Now as I get older I am a little more able to see it. With the specific tools that I have been taught, with the grace of my teachers, I am able to see my emotions emerge, the beginnings of them emerge, and deal with them before they hurt anybody, including myself. Certainly I do that much more than when I was a kid.
BB And dealing with emotion means?
RG Transforming. Transforming, for example, anger into patience, love, generosity.
BB You literally transform the energy of that?
RG Yes, I think at this point in my practice it is not about renunciating the emotion. It is about renunciating the attachment to the emotion.
BB That sounds like work.
RG Twenty-four hours a day.
BB Let’s turn to teachers. Did you have a desire for a teacher when you started out looking into this inquiry into the nature of life? Did you feel a longing to have someone grab you and shake you, teach you?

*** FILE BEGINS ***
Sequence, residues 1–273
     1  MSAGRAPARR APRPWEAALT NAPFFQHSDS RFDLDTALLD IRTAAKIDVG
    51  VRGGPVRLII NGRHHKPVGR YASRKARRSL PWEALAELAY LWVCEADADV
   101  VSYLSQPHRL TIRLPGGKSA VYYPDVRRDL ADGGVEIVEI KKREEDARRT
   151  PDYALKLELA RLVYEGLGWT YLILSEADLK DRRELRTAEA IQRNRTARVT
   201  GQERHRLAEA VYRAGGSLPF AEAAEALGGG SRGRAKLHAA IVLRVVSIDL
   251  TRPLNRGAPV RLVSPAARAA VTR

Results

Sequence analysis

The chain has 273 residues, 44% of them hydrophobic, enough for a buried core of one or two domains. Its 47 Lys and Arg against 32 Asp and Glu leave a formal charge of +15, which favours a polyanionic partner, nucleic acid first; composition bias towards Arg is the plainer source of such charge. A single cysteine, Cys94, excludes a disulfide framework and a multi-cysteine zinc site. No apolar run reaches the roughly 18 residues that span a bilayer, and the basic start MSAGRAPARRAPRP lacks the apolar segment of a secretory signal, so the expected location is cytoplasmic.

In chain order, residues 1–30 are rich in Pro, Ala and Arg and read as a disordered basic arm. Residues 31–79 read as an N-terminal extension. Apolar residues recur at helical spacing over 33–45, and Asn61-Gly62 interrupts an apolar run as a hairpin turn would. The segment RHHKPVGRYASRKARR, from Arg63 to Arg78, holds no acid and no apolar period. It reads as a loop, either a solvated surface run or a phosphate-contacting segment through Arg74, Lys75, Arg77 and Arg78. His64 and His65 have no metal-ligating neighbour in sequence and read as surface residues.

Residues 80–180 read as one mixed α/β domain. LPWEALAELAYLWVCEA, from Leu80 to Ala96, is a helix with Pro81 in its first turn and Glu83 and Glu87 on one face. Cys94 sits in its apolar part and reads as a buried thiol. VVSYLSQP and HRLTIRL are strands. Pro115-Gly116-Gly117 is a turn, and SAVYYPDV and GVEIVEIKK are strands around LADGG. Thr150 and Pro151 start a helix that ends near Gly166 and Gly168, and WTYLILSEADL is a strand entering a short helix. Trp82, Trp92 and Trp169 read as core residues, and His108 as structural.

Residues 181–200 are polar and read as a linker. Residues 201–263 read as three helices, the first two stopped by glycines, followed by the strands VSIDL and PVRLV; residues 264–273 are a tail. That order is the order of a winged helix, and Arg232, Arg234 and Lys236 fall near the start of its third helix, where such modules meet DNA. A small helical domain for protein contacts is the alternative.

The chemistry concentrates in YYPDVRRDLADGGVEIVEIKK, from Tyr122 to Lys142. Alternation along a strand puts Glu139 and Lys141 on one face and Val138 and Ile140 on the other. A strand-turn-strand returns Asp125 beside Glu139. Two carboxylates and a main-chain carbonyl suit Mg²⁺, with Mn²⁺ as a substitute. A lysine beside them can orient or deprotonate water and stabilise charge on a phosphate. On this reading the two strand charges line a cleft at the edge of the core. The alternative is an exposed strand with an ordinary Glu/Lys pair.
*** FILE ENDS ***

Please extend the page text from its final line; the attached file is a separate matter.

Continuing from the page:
RG Yes. When you start reading Zen stories or whatever, the biographies, autobiographies, I really respond to those relationships between a student and a teacher. I don’t think I’m alone in that.
You can learn a lot from just reading a book but the book can’t really put up a mirror in front of you. You really need a teacher who knows you specifically. They can be a mirror for you.
BB How do you come to recognize someone is your teacher? Were you drafted?
RG I’ve never seen a teacher who just reached out and grabbed someone and said ‘you’re my student.’ I think it’s a somewhat of a falling in love experience. Somewhat mysterious. Like that.
At the same time it has to have something of a rational basis. His Holiness always warns about that. Don’t move too quickly into this student-teacher relationship. He quotes scriptures about waiting eight years, eight years of serious exploration and thought about it, really weighing it before you make that decision.
It’s a vital decision in one’s evolution and path. I consider myself infinitly-infinitly-lucky to have the teachers I do. They are totally trustworthy.
BB How did you come to establish a relationship with His Holiness the Dalai Lama? I mean the internal relationship, not just on the outside.